Home security technology has come a long way over the years. The use of deadbolts, window locks, and motion-activated lights are still very effective for securing your home. Advances in technology have provided consumers today with plenty of choices to enhance total home security.
Home Security Systems – Everything to Know Before You Buy
Basic home security is often not enough to prevent break-ins, and experienced criminals can easily identify homes to easily burglarize. Combining traditional features and modern technologies is the strongest barrier against burglars. This guide will help you learn more about home security systems and how to best secure your home.
What are the basic principles of home security systems?
Barriers, detection, and response are three basic principles of creating an effective home security system. Think about how an intruder might gain access to your home. Burglars want a quick and easy entry and exit point. Thieves want to get into your home, take want they want, and get out of the area as fast as possible.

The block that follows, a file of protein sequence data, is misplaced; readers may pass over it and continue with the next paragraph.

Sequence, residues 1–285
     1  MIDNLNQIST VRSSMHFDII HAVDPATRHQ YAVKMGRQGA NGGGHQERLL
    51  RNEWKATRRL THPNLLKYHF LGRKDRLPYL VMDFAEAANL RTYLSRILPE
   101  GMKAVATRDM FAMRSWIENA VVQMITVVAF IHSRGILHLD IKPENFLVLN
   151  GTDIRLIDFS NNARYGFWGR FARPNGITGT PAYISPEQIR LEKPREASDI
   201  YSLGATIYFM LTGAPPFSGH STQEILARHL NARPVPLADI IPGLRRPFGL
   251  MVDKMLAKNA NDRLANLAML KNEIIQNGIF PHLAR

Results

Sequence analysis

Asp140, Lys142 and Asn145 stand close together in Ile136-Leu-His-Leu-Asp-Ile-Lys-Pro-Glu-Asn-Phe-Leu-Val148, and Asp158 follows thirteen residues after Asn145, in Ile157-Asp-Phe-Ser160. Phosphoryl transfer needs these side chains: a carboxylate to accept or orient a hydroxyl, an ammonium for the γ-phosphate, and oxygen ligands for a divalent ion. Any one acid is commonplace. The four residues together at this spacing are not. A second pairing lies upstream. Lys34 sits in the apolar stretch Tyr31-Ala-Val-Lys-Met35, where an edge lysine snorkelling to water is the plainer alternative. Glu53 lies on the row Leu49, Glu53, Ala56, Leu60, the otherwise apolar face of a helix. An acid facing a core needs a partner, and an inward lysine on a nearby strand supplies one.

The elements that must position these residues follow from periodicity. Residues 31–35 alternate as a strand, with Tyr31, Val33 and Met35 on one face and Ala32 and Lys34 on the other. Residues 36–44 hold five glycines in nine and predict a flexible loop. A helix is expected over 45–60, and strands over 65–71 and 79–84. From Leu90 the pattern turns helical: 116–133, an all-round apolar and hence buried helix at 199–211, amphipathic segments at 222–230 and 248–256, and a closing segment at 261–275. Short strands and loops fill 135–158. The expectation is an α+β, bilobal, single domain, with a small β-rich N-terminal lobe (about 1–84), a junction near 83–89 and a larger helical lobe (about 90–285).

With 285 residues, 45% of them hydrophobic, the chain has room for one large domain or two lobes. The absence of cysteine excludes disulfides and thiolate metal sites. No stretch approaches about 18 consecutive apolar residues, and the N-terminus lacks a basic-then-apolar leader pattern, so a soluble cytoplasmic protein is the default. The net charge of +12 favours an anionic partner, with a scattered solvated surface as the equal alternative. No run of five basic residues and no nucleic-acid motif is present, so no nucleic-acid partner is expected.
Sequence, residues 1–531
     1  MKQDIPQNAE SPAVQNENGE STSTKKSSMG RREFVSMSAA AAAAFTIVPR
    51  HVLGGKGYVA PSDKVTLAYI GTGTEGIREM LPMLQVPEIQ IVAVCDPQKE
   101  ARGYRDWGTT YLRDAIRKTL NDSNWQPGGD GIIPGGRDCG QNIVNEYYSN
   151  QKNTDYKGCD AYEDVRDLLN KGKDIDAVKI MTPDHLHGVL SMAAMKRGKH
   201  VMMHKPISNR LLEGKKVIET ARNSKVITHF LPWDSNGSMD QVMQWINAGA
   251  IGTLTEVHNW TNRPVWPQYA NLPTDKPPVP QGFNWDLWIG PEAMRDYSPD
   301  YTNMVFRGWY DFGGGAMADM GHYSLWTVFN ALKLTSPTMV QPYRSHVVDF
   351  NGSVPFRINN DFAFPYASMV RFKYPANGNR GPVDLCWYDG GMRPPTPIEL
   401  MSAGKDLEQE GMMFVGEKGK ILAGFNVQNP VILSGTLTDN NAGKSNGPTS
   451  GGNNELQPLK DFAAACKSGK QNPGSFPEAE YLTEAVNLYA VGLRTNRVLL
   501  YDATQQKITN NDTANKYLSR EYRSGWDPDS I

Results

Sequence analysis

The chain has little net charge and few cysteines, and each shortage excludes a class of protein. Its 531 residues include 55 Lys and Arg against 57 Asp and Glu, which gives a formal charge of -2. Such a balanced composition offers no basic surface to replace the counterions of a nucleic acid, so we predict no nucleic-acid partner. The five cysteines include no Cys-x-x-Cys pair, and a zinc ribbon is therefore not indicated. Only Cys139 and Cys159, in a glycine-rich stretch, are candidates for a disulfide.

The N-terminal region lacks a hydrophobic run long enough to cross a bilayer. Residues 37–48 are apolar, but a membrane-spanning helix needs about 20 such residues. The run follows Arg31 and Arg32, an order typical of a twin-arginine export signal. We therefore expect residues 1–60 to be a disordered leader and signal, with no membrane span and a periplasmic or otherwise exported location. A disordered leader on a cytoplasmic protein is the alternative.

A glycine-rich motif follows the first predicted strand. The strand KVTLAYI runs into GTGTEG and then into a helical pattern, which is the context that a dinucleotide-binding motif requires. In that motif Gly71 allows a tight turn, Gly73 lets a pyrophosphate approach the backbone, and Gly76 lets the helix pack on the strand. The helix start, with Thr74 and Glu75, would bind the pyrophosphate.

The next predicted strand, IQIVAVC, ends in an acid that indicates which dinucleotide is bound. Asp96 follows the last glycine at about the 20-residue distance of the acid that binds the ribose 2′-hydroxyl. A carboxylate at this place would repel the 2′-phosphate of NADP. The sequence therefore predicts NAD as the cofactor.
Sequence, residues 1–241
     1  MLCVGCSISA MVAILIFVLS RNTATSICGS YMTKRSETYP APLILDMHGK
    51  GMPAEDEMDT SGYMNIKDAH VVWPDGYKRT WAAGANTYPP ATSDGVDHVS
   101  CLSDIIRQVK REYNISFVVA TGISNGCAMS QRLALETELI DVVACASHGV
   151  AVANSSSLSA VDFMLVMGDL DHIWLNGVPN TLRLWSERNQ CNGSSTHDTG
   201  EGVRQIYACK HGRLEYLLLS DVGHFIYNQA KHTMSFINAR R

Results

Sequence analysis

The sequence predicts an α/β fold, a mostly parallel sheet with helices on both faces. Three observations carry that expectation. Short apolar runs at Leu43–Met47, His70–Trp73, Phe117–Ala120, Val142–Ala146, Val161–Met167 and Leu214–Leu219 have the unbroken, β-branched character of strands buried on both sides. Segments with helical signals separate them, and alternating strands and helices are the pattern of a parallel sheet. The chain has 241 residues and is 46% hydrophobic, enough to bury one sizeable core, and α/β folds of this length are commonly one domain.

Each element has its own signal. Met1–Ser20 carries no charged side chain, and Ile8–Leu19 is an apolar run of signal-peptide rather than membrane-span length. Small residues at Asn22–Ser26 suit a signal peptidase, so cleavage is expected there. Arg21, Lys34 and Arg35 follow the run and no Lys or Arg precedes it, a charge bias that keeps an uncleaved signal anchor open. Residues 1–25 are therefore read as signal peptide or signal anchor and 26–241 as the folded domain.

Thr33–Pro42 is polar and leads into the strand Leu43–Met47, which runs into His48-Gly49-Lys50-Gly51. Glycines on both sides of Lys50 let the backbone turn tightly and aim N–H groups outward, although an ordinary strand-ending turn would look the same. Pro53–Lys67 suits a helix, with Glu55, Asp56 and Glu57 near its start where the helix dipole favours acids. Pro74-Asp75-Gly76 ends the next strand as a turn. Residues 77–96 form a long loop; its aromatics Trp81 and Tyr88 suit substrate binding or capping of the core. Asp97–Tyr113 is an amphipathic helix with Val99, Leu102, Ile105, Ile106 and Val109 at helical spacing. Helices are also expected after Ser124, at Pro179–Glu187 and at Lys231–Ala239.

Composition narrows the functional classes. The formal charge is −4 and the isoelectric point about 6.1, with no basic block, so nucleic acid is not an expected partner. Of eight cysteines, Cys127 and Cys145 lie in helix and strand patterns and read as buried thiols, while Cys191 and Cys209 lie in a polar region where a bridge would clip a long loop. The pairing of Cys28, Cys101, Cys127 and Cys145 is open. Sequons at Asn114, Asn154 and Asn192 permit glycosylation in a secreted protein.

That’s why homeowners often display alarm company signs in their front yards and place easily identifiable cameras and floodlights around the exterior. Hopefully, a would-be intruder will keep moving when it’s apparent that a home has an installed security system.
Create Barriers to Entry
Barriers consist of all the elements that prevent a person from intruding into your personal space. Fences, doors, windows, and even curtains and shades are all forms of barriers. Barriers prevent unauthorized entry into the home and unauthorized viewing of what is occurring inside the home.
Believe it or not, the easiest way most burglars enter a home is right through the front door. Doors and windows are the most obvious entry points but consider other vulnerable areas such as garages, work sheds, guest houses, and gates, and fences. Developing the habit of always securing your entry points is the primary method for keeping your home safe.
Detect Any Intrusion